From the foregoing results, it will be apparent to the skilled person that the present column system 4 has a high degree of flexibility regarding the operating conditions which may be employed. The system 4 may be operated as two column sections instead of three by running sections 20 and 21 at the same temperature.
The column system 4 may be easily adapted to perform heart cutting techniques. In view of the excellent separation achieved at the outlet of the second column section 21, major components may be heart-cut at the exit of the second section 21, thereby enabling the column system 4 to handle a larger quantity of material and enabling a more efficient separation of species loaded onto the third column section 22. In the case of fusion fuel clean-up, heart cutting can be usefully employed to remove H2 at the end of the second column section 21. Since H2 is the first species eluted, followed by HD then HT, the eluting gas stream can be monitored with a beta detector for the initial emergence of HT as a means for determining which species shall be loaded onto the third column section 22 from the second section 21. This type of heart cutting allows for the removal of a major portion of the H-containing species from the fusion fuel before loading of the fuel mixture onto the final column section 22.
A very large sample mixture of 138 ML prepared as in Example 1 was injected into the column section 20. In this example column sectionsn 20 and 21 were operated at the same temperature at all times so these two sections performed as a unit. The vessels 27 and 28 were held at 77 K. for the first 6 hours then increased to 116 K. (1960 kPa). The carrier gas was maintained at 50-60 NL/min.
The heart cutting technique was used at the outlet of the second column section 21 to remove most of the H2 and a large portion of the HD species. The remaining mixture eluted from the section 21 was loaded onto the column section 22 which was at 85 K. (240 kPa). The temperature in the column section 22 was gradually increased to 116 K. (1960 kPa). The elution data for species emerging from sections 21 and 22 are shown in Table 2. The chromatogram of the material eluted from the third column section 22 showed that only a trace of H2 remained in the sample. The separation between HD and D2 was close to baseline, and in general, the separation of the various species had not significantly deteriorated as compared with the 68 NL sample size of Example 1.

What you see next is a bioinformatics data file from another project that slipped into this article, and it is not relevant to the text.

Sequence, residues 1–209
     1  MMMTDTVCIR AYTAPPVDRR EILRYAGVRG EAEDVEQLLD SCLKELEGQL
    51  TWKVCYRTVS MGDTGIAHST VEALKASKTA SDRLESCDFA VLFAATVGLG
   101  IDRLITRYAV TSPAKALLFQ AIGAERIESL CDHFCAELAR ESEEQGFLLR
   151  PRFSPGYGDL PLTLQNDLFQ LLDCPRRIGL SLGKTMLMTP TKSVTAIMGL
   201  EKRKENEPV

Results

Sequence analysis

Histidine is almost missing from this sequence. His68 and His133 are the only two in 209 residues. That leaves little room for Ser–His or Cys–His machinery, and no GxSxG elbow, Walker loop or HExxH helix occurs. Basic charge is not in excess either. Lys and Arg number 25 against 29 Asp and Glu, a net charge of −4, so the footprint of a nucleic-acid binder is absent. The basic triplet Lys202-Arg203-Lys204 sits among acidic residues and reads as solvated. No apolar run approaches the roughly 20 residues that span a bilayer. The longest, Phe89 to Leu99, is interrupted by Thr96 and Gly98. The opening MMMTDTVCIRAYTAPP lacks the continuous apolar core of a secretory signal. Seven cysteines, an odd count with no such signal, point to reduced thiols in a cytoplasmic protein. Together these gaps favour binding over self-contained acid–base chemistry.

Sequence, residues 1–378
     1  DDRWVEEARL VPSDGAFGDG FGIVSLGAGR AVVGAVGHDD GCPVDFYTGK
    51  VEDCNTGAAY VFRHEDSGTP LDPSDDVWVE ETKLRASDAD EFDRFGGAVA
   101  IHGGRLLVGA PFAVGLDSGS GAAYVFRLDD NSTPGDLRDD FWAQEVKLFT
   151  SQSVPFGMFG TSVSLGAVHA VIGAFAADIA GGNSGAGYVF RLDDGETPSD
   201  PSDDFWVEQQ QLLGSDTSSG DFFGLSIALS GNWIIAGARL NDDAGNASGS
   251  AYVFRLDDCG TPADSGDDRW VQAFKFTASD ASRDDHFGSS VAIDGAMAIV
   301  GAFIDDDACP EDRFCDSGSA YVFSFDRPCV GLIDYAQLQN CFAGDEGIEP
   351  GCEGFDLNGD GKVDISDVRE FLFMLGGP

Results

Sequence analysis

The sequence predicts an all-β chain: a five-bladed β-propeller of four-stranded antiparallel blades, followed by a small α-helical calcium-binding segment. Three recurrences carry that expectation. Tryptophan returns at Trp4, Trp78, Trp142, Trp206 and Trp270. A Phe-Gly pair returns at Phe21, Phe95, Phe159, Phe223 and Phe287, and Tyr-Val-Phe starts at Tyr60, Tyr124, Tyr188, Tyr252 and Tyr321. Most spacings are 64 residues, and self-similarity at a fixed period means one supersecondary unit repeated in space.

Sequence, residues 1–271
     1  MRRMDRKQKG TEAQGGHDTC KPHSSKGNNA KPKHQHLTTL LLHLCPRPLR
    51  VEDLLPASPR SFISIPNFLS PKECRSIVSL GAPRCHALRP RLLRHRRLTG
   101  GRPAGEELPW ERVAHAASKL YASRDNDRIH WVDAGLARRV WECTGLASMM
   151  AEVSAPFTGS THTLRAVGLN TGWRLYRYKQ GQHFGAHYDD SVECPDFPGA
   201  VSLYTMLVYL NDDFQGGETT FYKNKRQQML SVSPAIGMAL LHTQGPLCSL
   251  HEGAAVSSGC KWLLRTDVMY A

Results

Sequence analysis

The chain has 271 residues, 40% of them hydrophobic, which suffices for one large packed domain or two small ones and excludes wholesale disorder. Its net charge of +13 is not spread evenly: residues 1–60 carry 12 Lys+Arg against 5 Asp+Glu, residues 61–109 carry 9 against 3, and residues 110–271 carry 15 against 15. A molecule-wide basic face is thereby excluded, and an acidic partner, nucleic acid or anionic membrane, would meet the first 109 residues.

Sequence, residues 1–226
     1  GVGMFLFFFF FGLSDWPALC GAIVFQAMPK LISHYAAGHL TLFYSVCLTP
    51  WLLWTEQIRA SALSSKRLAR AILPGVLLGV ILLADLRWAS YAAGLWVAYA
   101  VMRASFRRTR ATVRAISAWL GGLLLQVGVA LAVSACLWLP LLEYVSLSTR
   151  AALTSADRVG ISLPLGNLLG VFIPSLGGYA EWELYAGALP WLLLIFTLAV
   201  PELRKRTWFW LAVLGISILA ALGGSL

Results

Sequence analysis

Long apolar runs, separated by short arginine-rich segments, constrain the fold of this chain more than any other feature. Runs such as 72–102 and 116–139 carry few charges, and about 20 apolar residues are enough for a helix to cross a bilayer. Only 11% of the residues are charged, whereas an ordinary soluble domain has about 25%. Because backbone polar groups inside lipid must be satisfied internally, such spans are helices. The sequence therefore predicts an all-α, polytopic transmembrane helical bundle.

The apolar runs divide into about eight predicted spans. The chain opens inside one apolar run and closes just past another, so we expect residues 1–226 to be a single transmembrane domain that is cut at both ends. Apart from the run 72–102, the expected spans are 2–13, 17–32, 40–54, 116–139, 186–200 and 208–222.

TABLE 2__________________________________________________________________________ Temp.Start inc. Final NTPVessel Temp. at hr. Temp. H.sub.2 HD HT D.sub.2 DT T.sub.2__________________________________________________________________________27,28 77 K. 6 116 K. 310 73 -- 790 -- 1140029 85 K. 25.8 116 K. 24300 7870 21400 5310 12600 59200__________________________________________________________________________
The use of the column system 4 for the separation of a mixture containing a relatively large amount of tritium is demonstrated by this example. A mixture of 1.25 NL hydrogen, 1.25 NL deuterium and 0.276 NL (740 Ci) tritium were equilibrated in the presence of palladium at room temperature and injected into the first column section 20. The first and second sections 20 and 21 were operated under the same conditions, namely, 77 K. for 4 hours and then 116 K. (1960 kPa) until all species had eluted. The third section 22 was maintained at 82 K. (170 kPa) during loading of the column section 22 and for about 2 hours thereafter. Then the temperature was increased to 116 K. (1960 kPa) for the remainder of the chromatography.
The separation data for species eluting column sections 21 and 22 is shown in Table 3. The chromatograms indicate that the HT and DT peaks decrease significantly at column section 22 as compared to section 21, whereas the T2 peak is much larger at the end of column section 22. This suggests that some dissociation is occurring in the third column section 22, but any problems which this may cause should be surmountable by varying the conditions and recycling desired fractions for further purification.
TABLE 3__________________________________________________________________________ Temp.Start inc. Final NTPVessel Temp. at hr. Temp. H.sub.2 HD HT D.sub.2 DT T.sub.2__________________________________________________________________________27,28 77 K. 3 116 K. 2250 6310 4540 8570 7270 625029 82 K. 25 116 K. 19800 25900 37600 29000 11000 26800__________________________________________________________________________
It will be appreciated by the skilled person that the invention described above has a great deal of inherent flexibility, and the embodiment particularly described may be modified to suit a variety of applications, yet be within the scope of the invention defined in the following claims.
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|U.S. Classification||96/102, 96/104|
|International Classification||B01D15/08, B01D59/26, G01N30/54, G01N30/16, G01N30/88, G01N30/02, G01N30/60, C01B4/00, B01D53/02, G01N30/30, G01N30/32|
|Cooperative Classification||G01N30/02, B01D53/025, G01N30/30, G01N2030/3007, G01N2030/167, G01N30/32, B01D59/26, C01B4/00, G01N2030/3023, G01N2030/3038|
|European Classification||B01D59/26, G01N30/30, C01B4/00, B01D53/02B|
|23 Mar 1992||FPAY||Fee payment|
Year of fee payment: 4
|1 Mar 1996||FPAY||Fee payment|
Year of fee payment: 8
|29 Jul 1999||AS||Assignment|
Owner name: ONTARIO POWER GENERATION INC., CANADA
Free format text: ASSIGNMENT OF ASSIGNORS INTEREST;ASSIGNOR:ONTARIO HYDRO;REEL/FRAME:010094/0206
Effective date: 19990401
|20 Apr 2000||FPAY||Fee payment|
Year of fee payment: 12